Keren David

I loved You Are So Not Invited to My Bat Mitzvah ... except for one thing

The Netflix tween movie almost gets it right, but there's a flaw among the froth

August 27, 2023 11:26

There are so many things to love about the new Netflix film You Are So Not Invited to My Bat Mitzvah, that it seems almost churlish to single out the one big thing that I think it got wrong. So first -  spoilers ahoy -  let me say what I think it got right.

Yes to showing Jewish tweens living their lives, doing their thing, and grappling with the social and spiritual demands of a year when everyone around them is doing that too. Yes to every member of the Sandler family giving a great performance, and that goes for Idina Menzel as well. Yes to the way that the kids struggle for individuality in a world where every party has the same DJ and much the same set of guests. A qualified yes to the deeply irritating but ultimately wise kooky rabbi.

There’s a great cast of older Jewish character actors and young stars in the making. And it's nice to see an emphasis on the synagogue and 'mitzvah project' side of things, not just the party.

Well done too for showing tweens as flawed humans, capable of great cruelty and stupidity but who are also willing to grow and learn, and use the big rite of passage as a vehicle for that growth. There are plotholes, sure (the broiges from Lydia’s batmitzvah would have rumbled on for generations), but you roll with it. I had tears in my eyes at the (implausible) ending.

I also liked the multi-cultural nature of the Jewish world on show. There are Latino Jews. There are Korean Jews. Everyone is Jewish -  we might be in Israel or even Radlett.

Everyone except Mateo.

Mateo is one of only two young boy characters in the film given anything like a personality (the others have catchphrases but nothing resembling two dimensions). He’s best friend to Andy Goldfarb, the soccer player on a mission to kiss the girls and make them cry. Mateo is short and has a foreign accent, and none of the Jewish kids except Andy pay him any attention. But we gradually come to realise that Mateo -  uniquely - is really nice and good, the moral centre of the film. And even though he’s a church-going Christian, he turns up at cheder, to teach the younger children their Shabbat prayers. (This confused me a little, because surely cheder is on a Sunday? Hasn’t Mateo got a church to go to? And what kind of synagogue lets a Christian kid volunteer there? Have they never heard of evangelicals?).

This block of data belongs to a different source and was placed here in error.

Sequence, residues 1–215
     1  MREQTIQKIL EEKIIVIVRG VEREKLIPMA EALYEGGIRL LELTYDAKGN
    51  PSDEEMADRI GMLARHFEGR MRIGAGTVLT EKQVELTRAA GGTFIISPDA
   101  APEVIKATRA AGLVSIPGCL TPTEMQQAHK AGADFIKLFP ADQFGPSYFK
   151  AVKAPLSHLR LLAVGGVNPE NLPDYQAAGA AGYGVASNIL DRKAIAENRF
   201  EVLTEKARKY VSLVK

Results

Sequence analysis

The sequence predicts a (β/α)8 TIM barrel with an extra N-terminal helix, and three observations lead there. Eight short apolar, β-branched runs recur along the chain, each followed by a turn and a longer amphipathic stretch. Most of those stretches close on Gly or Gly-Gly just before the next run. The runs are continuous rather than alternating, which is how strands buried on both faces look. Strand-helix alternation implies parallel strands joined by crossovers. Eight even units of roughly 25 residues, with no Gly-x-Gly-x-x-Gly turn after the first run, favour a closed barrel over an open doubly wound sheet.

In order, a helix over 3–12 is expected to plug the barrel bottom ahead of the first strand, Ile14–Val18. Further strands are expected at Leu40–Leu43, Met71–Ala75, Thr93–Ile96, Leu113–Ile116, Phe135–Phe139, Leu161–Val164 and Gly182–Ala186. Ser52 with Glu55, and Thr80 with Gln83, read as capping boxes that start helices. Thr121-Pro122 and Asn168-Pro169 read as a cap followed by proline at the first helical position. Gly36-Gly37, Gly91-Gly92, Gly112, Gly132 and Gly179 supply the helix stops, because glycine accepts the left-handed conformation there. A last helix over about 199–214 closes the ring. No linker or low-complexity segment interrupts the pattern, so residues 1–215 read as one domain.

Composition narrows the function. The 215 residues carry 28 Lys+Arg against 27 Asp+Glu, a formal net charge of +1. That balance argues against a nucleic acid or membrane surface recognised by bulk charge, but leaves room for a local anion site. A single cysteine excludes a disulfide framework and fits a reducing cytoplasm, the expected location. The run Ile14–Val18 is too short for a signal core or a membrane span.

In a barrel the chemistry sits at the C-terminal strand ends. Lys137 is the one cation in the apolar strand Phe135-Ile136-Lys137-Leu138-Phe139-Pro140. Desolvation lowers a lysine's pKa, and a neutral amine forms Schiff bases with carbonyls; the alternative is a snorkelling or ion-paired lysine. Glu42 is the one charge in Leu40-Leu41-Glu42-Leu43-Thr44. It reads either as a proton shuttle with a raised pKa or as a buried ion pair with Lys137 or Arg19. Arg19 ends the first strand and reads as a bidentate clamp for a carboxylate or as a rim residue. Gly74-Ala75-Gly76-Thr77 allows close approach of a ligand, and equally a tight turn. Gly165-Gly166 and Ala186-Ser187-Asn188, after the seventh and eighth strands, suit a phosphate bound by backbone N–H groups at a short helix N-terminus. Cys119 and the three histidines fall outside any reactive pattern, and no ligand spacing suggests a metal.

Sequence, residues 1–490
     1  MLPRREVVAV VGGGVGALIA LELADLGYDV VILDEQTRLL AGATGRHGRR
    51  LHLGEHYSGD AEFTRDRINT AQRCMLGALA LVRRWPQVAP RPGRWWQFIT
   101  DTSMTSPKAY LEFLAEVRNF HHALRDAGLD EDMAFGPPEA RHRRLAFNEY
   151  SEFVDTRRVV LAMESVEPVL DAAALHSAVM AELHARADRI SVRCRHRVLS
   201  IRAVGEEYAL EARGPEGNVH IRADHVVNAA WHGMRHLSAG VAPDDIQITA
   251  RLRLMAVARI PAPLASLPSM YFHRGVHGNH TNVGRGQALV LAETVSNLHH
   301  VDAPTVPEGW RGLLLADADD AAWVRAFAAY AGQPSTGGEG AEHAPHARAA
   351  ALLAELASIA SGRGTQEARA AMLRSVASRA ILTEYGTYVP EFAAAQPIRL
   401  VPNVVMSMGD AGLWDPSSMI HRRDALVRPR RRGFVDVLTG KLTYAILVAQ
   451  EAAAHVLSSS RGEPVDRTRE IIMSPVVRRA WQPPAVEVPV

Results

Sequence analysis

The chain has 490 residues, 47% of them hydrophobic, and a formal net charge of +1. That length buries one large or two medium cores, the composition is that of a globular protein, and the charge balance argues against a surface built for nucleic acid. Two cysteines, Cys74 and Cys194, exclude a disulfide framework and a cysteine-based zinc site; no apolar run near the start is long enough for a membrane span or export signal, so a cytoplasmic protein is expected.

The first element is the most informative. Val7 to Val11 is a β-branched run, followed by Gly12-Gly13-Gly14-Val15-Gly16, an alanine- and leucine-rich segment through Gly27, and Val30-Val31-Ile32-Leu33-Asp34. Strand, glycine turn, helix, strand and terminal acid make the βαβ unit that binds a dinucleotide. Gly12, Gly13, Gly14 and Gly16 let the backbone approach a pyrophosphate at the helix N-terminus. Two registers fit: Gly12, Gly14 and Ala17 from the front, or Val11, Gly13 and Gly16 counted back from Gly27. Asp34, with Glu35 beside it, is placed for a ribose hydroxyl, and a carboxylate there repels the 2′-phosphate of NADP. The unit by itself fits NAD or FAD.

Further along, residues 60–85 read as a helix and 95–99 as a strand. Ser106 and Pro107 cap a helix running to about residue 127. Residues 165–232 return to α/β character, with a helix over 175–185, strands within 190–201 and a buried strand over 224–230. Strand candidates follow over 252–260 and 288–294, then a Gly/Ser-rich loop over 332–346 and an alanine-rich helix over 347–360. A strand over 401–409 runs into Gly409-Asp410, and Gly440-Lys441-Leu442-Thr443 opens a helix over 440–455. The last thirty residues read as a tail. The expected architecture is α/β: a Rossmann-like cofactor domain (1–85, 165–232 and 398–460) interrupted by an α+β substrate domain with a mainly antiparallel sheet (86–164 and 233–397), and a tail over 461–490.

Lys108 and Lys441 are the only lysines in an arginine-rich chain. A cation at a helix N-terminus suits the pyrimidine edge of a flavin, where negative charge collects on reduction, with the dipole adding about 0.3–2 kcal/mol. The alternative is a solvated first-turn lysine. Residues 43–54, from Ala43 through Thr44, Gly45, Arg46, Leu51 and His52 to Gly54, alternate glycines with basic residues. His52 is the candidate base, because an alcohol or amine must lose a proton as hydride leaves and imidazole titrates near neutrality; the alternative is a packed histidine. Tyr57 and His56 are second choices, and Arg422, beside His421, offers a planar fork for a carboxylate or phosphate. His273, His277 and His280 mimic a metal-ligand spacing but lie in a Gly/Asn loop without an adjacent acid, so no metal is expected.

Because Mateo’s a Christian, he’s not having a barmitzvah. And so he doesn’t have the same journey to go on as the other kids. And he seems to be infinitely more virtuous than all of them. So  -  as the sole representative of Christianity in the film -  one could read into it the message that Christians are somehow better than Jews. That they embrace mitzvot naturally, without a big song and dance, led by DJ Shmuely.  That Christianity is somehow a more evolved, better religion and that Stacy -  seen at the end dancing with Mateo, even though he’s a foot shorter than her -  will one day become more like Mateo. 

I’m probably reading way too much into a sweet, silly film. But how I wish they’d made Mateo Jewish like the rest of the cast. With that mop of curly hair and short stature, he easily could have been the nicest Jewish boy in town.

August 27, 2023 11:26

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